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Welding aluminium using the MIG procedure, a certain knowledge of the metal and its mechanical characteristics is required, in order to prepare it in the best possible way for the process and obtain a high quality result. Let’s find out what you need to know and how to weld aluminium flush.

Aluminium welding: mechanical characteristics

For a correct welding of aluminium it is necessary to know the characteristics of this metal: light and resistant, it has a high thermal and electrical conductivity, melting at a temperature of about 660°C.

During the welding process it reacts strongly with oxygen creating an oxide film, very problematic because it is very hard and has a very high melting point (over 2000°C).

The most suitable welding procedures are TIG, braze welding and MIG, the latter is preferred because of the gas layer protecting and preventing the formation of oxide.

Aluminum alloys, currently on the market, offer a wide range of different characteristics. The classification system has 4 digits and 9 classes, divided according to the main alloy elements:

  • Aluminum (1000 series): it is pure metal with a minimum of 99%
  • Copper (2000 series): more resistant to high temperatures
  • Manganese (3000 series): with high mechanical resistance
  • Silicon (4000 series): more fluid and with a low expansion coefficient
  • Magnesium (5000 series): more resistant to corrosion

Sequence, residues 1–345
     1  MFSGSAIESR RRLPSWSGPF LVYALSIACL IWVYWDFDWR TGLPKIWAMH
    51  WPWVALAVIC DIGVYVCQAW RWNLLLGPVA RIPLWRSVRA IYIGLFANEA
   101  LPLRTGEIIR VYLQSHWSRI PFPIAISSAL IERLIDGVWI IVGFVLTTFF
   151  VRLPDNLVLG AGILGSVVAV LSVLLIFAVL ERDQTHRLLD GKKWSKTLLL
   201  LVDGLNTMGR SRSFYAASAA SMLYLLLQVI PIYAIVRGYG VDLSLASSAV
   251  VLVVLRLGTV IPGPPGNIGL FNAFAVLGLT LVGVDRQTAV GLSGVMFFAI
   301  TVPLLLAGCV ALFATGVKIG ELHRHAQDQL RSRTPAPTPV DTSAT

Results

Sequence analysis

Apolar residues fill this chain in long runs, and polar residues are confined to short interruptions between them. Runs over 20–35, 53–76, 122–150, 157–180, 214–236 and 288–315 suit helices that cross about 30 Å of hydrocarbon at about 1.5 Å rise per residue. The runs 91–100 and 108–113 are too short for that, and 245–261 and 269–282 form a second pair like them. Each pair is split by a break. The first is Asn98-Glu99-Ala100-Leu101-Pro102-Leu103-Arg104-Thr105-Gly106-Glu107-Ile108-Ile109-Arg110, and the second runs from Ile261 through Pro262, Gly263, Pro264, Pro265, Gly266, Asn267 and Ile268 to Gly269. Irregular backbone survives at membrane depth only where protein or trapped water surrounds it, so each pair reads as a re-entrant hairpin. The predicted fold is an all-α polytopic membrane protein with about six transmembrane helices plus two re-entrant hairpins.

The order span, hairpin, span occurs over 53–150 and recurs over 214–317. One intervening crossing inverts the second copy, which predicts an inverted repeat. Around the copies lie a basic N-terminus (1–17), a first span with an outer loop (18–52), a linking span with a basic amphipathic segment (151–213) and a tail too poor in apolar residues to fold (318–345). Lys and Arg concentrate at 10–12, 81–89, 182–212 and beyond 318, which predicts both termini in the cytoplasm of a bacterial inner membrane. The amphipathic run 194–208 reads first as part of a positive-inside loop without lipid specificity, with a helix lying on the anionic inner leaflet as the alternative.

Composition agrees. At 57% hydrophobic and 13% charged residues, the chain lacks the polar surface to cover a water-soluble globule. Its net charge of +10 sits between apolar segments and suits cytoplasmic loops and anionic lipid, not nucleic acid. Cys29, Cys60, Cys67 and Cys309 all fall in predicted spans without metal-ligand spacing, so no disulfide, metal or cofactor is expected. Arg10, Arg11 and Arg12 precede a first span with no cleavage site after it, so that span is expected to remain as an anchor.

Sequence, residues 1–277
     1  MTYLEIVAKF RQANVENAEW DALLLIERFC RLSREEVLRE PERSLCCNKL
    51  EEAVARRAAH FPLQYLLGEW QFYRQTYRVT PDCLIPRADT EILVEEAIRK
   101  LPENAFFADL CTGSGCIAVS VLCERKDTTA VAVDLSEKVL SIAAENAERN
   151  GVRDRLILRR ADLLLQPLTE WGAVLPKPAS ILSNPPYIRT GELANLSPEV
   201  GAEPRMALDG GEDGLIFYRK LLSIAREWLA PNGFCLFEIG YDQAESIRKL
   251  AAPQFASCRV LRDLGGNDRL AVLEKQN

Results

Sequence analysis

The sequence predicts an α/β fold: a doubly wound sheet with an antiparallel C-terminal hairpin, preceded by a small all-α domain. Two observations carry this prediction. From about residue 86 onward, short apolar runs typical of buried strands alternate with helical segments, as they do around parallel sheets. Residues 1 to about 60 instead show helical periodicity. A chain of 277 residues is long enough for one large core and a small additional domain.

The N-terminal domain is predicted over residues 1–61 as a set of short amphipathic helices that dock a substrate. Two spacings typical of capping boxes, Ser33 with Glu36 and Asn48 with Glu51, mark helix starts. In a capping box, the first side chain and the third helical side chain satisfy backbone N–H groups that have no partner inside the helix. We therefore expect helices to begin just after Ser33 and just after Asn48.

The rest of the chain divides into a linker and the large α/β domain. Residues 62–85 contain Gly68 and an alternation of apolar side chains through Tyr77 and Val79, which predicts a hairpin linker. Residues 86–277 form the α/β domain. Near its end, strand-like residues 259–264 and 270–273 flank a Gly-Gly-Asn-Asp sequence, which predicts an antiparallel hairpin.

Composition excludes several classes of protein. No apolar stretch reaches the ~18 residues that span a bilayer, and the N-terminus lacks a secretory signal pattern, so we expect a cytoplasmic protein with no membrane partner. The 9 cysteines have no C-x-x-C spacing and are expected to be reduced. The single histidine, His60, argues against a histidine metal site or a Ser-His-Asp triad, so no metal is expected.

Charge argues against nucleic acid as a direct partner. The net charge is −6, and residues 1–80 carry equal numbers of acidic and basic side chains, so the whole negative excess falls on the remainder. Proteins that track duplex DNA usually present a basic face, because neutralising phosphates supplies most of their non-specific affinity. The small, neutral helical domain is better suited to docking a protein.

• Zinc (series 7000): increased strength and hardness

Preparation for continuous wire aluminum welding

The continuous wire welding of aluminium begins with the preparation of the material. The first step is the cleaning step, the purpose of which is to remove the surface oxide film and all low melting impurities. Brushes with stainless steel bristles (pre-treated with a degreaser), solvents or other suitable stains are recommended for this purpose.

As we have said in the previous paragraph, this layer compromises the regular course of the welding process, as it has a much higher melting temperature than the metal itself.

Subsequently we move on to preheating the base material: the high thermal conductivity of aluminium can cause the pieces to deform or break through the welding joint. For some thicknesses, therefore, it is better to carry out preheating and avoid certain risks.

The last step before welding aluminium is the choice of gas, which commonly falls on pure argon or on mixtures of argon and helium.

How to weld aluminium with MIG

Once the metal has been prepared, it is time to weld the aluminium using the MIG process.

The high thermal conductivity requires the use of higher currents compared to other metals, as well as a faster pass speed. Being slow risks breaking through the base material.

Too high a speed, however, can cause some defects such as gluing, no melting or even porosity.

Aluminium has many positive characteristics and, for this reason, is used in various processes. It requires experience and accuracy, but the results are of the highest quality.

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